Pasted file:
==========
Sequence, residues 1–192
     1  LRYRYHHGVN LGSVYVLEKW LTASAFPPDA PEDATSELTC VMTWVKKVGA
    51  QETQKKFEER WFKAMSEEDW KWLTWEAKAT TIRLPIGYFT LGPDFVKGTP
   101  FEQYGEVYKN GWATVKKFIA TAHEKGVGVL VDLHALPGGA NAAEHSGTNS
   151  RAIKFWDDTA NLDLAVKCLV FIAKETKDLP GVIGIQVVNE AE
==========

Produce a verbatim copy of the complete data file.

Sequence, residues 1–192
     1  LRYRYHHGVN LGSVYVLEKW LTASAFPPDA PEDATSELTC VMTWVKKVGA
    51  QETQKKFEER WFKAMSEEDW KWLTWEAKAT TIRLPIGYFT LGPDFVKGTP
   101  FEQYGEVYKN GWATVKKFIA TAHEKGVGVL VDLHALPGGA NAAEHSGTNS
   151  RAIKFWDDTA NLDLAVKCLV FIAKETKDLP GVIGIQVVNE AE